If you’ve ever been a server at any kind of restaurant, I’m positive you can relate.
You know the exact situation I’m talking about. A family of two walks in and sits at one of your tables.
A middle-aged woman with flawlessly curled hair and make-up caked on her face to cover up her wrinkles. Her husband, straight-faced and serious, looks as if he has never heard a funny joke in his life.
You approach the table to introduce yourself and welcome them to the small town bar and grill. You put their drink napkins down and ask how their day is going. They respond with one word and no eye-contact. You continue to smile and speak in a cheerful tone because, well, you’re working for a tip, and you hope you can help make their day better.
You take their drink order, which consists of a bottled Bud Light and an ice tea. You gather their drinks and bring them back to the table. Once you set down the drinks, you are quickly surprised by the outspoken middle-aged woman, who is already complaining.
Her eyes beam a cold stare, while her tone—sharp and condescending—only insults you, as if you have purposely ruined her day.
The hostess gave her a menu without the salad page in it. Suddenly, that’s your fault because the hostess made a simple and unintentional mistake that is easy to fix.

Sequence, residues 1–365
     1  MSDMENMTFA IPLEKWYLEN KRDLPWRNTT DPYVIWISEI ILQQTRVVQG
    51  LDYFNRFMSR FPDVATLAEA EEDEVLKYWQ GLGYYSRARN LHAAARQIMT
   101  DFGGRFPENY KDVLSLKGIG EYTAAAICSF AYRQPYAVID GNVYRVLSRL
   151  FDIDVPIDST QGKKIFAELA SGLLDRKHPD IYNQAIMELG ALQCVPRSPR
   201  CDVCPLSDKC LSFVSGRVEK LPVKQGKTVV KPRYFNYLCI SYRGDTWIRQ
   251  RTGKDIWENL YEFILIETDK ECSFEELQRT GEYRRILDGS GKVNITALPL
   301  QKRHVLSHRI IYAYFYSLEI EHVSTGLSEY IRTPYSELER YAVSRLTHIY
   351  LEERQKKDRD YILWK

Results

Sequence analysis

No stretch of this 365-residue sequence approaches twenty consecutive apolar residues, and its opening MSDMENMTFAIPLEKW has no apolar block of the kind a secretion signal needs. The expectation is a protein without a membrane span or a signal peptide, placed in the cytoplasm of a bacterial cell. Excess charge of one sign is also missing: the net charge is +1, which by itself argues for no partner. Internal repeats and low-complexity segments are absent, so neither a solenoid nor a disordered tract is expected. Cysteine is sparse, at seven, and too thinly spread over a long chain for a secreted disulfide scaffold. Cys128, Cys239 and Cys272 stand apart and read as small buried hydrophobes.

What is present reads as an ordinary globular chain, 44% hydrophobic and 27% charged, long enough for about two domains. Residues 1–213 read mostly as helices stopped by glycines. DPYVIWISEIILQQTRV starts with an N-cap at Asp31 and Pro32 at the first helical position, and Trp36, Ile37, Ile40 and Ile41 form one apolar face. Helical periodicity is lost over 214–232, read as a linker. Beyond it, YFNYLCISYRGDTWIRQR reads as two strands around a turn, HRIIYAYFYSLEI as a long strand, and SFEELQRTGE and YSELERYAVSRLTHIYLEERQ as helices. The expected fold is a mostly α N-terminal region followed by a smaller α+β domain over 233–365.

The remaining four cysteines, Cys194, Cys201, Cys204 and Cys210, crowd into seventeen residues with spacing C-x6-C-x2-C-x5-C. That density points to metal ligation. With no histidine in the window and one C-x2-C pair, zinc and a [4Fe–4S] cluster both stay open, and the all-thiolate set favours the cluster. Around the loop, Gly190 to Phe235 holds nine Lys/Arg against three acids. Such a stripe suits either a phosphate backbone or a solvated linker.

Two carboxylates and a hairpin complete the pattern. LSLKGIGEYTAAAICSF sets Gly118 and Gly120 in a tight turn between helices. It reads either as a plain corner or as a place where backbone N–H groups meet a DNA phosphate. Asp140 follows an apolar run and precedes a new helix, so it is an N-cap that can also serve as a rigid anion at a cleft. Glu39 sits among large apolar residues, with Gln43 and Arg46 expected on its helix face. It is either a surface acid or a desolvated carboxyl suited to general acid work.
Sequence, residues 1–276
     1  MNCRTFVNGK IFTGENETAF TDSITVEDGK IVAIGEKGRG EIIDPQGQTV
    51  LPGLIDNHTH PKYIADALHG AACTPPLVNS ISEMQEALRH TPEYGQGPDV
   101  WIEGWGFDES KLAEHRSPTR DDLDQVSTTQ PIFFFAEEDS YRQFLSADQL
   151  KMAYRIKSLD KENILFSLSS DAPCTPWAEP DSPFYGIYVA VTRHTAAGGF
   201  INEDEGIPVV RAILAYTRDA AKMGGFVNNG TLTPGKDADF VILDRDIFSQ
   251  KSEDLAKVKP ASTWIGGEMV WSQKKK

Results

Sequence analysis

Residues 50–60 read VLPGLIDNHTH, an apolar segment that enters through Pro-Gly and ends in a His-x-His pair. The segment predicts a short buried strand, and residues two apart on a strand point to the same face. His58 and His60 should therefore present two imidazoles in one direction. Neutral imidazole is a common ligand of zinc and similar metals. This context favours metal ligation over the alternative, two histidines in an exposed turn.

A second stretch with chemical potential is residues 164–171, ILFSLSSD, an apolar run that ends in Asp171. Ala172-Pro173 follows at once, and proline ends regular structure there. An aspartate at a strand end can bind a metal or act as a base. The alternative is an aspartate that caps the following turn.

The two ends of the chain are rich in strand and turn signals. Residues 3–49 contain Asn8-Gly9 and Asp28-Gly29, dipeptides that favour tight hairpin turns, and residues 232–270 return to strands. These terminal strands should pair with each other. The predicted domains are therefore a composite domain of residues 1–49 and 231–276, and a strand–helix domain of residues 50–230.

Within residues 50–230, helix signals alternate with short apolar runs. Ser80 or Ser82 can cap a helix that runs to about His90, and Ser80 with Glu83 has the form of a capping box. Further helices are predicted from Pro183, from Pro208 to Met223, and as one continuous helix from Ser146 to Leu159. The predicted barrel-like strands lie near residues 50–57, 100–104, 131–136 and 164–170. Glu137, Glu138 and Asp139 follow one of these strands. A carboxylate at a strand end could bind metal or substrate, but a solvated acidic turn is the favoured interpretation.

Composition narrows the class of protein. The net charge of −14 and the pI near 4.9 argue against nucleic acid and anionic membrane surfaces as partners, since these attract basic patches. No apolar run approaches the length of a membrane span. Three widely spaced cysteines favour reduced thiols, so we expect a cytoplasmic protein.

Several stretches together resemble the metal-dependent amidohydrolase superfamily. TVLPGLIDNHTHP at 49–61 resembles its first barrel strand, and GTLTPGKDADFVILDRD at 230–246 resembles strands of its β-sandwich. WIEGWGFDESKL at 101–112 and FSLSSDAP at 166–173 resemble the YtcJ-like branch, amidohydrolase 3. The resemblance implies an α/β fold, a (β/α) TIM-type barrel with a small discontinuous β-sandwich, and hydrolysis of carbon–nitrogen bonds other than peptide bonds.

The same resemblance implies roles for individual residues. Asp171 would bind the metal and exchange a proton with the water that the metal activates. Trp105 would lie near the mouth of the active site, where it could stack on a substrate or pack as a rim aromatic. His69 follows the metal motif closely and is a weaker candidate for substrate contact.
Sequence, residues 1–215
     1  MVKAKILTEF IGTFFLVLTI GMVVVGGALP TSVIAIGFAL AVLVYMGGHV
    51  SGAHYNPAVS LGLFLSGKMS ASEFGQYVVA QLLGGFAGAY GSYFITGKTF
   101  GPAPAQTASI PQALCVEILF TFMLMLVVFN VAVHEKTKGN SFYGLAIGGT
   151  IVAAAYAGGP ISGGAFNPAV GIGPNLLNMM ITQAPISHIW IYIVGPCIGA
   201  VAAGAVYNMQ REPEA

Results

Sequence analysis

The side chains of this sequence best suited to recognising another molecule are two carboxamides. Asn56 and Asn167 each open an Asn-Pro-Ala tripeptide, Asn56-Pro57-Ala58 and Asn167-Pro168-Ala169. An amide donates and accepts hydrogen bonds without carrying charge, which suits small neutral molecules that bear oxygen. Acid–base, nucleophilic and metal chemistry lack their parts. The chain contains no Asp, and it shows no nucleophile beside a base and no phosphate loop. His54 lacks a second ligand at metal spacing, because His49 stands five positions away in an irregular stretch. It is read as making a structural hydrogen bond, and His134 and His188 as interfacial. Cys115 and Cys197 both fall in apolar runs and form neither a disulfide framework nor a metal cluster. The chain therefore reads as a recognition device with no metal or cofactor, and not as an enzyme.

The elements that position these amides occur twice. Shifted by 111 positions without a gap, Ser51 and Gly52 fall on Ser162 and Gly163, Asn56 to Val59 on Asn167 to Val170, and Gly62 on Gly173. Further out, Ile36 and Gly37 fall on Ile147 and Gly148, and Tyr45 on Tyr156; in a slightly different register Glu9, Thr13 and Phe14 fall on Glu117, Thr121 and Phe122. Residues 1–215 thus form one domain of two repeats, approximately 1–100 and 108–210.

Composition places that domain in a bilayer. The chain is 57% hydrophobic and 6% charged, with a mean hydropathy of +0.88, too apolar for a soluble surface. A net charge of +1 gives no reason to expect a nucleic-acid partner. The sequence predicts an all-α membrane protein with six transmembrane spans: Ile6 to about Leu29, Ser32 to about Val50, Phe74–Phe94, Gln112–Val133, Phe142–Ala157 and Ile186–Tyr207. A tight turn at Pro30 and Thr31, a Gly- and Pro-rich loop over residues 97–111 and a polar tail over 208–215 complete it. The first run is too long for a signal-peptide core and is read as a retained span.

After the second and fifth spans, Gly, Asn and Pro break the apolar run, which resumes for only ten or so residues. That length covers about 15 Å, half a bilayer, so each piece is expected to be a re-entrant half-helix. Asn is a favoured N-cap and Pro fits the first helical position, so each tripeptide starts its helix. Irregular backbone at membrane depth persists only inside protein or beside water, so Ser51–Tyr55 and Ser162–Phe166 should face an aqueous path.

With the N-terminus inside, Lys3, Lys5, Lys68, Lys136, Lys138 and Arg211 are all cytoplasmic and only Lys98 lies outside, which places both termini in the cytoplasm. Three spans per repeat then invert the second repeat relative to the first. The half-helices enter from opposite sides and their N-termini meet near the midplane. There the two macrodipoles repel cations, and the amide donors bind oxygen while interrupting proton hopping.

You listen to her go off about how she deserves the whole menu and she isn’t paying to be cheated out of options. You politely apologize and bring her a new menu.
A few minutes later, you go back to the table to get their food order. Sure enough, the middle-aged woman orders a salad.
Once their food arrives and all of it is nearly consumed, you visit the table again to ask if they need take-home boxes or dessert.
Unfortunately, this is the point you realize nothing is going to make this couple happy. The middle-aged woman, now complaining about anything she can, is again insulting you because the bowl her salad came in was cracked on the bottom.
She begins yelling at you because it’s your fault the cooks put her food in a cracked dish, and there could have been glass in her salad and she could have died. She should sue this whole restaurant and you for being so horrible.
After apologizing profusely, you continue to be respectful and polite, never allowing yourself to become short-tempered or blasé.
Once the couple leaves, you see $2 left on the table for your tip from the $30 bill.
This has happened to me and many others, and something I just can’t seem to grasp is how rude people can be to their servers, especially when the only negative experiences to happen are things out of a server’s control.
Considering the tip you leave is the bulk of the money they see, chances are they’ll be working hard for it.
And if something happens that is out of their control, don’t take it out on them.
Another thing I’ve seen as a server is when there are big deals or discounts going on, it’s like people forget the idea of tipping.
It’s power-hour and drinks are 25 cents. You order eight drinks for you and your friends, which puts your bill at two bucks. Because your bill is so low, that means you don’t have to tip, right?
When there are discounts or deals going on, that’s the most important time to tip well.
In situations such as this, the amount of a server’s/bartender’s tip should not be determined by the bill amount, but the amount of work they did for you.
I can understand leaving a low tip if the server was rude, forgetful or short-tempered. However, most people need to remember servers are human, too.